By Stefanos Gregoriou, The Sports Financial Literacy Academy
As emphasized in our last Money Smart Athlete article, due to their relatively short careers, athletes need to create multiple revenue streams, diversifying their sources of income beyond their athletic contracts. This type of diversification can help athletes to optimize their earning potential, as part of their long-term financial strategy. As a result, athletes today tend to get involved in numerous off-field arrangements, including endorsements and sponsorships, which often provide them with as much or even more money than their sports contracts.
In fact, some athletes make far more money selling their celebrity image off the field than they make from their professional salaries. Famous and recognized athletes land lucrative contracts, through commercial collaborations with companies that want the public to associate their brands with the celebrity athlete’s image. Name recognition is a significant parameter. High-profile athletes with great media influence and many followers are excellent candidates for endorsements and sponsorships, thus increasing their overall earnings to a great extent.
LeBron James, the basketball legend and entrepreneur, is undoubtedly a great example. LeBron has the NBA’s largest athletic shoe contract among current players, as well as a long list of endorsement partners such as Rimowa, Walmart, GMC, AT&T, PepsiCo, and, most recently, Crypto.com. In contrast to his $41.2 million sports salary, his off-court earnings are expected to surpass $80 million in 2022. This is an outstanding paycheck from endorsement and sponsorship deals that many professional athletes would be jealous of.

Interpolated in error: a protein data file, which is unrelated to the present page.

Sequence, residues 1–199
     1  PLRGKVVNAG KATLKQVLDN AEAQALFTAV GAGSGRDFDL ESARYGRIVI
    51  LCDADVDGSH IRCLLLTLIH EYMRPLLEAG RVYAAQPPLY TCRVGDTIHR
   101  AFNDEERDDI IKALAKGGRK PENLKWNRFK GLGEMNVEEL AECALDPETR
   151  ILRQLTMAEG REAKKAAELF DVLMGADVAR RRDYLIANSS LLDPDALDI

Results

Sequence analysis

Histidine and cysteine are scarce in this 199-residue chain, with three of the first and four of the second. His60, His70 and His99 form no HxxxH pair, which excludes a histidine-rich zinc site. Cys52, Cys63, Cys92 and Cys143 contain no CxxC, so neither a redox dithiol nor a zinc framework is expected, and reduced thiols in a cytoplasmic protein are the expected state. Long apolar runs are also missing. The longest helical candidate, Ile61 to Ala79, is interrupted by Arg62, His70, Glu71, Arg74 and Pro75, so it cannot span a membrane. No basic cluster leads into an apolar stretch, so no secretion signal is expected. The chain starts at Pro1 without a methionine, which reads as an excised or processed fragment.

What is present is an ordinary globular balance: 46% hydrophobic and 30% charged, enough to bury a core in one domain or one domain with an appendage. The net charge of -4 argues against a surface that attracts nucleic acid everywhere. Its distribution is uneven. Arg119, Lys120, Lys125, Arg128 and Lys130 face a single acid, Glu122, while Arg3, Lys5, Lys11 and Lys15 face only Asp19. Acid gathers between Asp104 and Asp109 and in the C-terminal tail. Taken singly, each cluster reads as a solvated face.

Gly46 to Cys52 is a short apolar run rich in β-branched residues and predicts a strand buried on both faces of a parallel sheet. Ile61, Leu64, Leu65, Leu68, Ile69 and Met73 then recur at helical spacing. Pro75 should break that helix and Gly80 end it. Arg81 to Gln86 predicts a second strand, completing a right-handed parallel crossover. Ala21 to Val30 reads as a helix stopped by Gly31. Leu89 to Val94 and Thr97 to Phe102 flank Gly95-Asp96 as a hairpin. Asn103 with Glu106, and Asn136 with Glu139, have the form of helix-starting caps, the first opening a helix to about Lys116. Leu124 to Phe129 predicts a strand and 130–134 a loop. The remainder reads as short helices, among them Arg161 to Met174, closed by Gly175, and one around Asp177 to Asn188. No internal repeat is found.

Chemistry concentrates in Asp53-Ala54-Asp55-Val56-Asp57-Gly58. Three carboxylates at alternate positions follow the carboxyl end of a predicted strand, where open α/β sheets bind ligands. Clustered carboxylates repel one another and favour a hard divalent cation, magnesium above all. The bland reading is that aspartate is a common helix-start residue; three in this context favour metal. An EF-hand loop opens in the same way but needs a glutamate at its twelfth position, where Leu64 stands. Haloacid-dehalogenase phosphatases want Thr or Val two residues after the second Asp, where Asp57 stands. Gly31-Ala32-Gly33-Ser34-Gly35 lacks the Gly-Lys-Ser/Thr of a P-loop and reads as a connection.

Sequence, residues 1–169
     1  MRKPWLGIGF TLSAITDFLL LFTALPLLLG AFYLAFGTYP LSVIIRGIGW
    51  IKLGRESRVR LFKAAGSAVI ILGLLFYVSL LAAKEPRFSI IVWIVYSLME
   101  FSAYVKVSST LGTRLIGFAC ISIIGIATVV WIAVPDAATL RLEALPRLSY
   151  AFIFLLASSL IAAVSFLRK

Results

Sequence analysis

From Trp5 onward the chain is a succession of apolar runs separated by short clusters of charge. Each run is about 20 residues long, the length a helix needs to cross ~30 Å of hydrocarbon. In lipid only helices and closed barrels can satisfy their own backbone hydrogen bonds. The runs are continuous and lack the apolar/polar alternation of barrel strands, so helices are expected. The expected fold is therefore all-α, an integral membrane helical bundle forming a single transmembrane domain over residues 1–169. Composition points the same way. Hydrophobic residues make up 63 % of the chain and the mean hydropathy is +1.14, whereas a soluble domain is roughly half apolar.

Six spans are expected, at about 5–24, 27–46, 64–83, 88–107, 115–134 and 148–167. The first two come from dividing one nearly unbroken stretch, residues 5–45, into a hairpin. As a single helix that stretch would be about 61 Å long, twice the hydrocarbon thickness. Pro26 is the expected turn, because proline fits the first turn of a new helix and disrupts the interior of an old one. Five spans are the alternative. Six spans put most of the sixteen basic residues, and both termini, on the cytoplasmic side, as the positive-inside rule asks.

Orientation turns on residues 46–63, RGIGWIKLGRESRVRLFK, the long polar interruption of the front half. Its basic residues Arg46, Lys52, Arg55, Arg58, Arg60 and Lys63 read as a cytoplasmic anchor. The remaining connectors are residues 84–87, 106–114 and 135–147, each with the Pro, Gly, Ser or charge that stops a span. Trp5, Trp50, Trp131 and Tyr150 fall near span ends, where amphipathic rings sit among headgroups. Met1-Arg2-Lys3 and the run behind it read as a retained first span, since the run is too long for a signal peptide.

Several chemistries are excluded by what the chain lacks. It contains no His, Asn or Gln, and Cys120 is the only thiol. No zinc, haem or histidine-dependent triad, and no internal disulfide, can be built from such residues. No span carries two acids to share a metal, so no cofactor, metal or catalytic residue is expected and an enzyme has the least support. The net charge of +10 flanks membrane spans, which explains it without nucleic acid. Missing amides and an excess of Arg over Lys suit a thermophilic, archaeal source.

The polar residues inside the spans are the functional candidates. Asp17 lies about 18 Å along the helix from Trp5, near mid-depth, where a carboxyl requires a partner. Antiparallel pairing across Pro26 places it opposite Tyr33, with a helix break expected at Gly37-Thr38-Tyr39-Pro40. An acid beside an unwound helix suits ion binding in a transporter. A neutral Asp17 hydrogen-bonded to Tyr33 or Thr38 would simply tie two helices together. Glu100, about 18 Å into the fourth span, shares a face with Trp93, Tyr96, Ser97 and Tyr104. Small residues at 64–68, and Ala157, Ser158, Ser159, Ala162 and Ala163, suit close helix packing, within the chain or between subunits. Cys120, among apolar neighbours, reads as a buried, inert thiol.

Another extraordinary example, is Tiger Woods. Many consider Woods to be the greatest golfer the world has ever seen. Bridgestone, Discovery Communications, Inc., Hero Motocorp, Monster Energy, Nike, and Rolex are among a few of Woods’ commercial partners. Woods’ golf earnings for 2022 are only $40,000, yet he earns $68 million off the field. His income off the field accounts for about 99.9% of his overall earnings, making his main job- golf- seem like a side job.
Despite the aforementioned extraordinary examples, it is important to note that most athletes make much more modest salaries and have zero or only a few endorsement and sponsorship deals. Not every athlete is expected to receive the same compensation, whether through a professional contract or commercial arrangements. It is worth noting that there are also a number of extraneous factors that affect a professional athletes’ compensation; one such factor is the nature of the athlete’s sport. Basketball, for example, is immensely popular in the United States, and famous professional athletes in this specific sport may earn large amounts, in contrast to soccer, which is less popular. Sports such as soccer, may be more popular in other locations like Europe, compensating outstanding athletes with relatively larger sums both on and off the field. Despite the existence of extraneous factors though, it is really up to the athletes how they will go about developing their brand and making a name for themselves within their own athletic sphere and beyond.
Given the high level of commercial revenues that athletes earn these days, it is important that they invest time and effort in building their personal brand thus making their NIL a valuable asset; the payoff can be quite substantial and it can definitely contribute to the athlete’s long-term financial sustainability.
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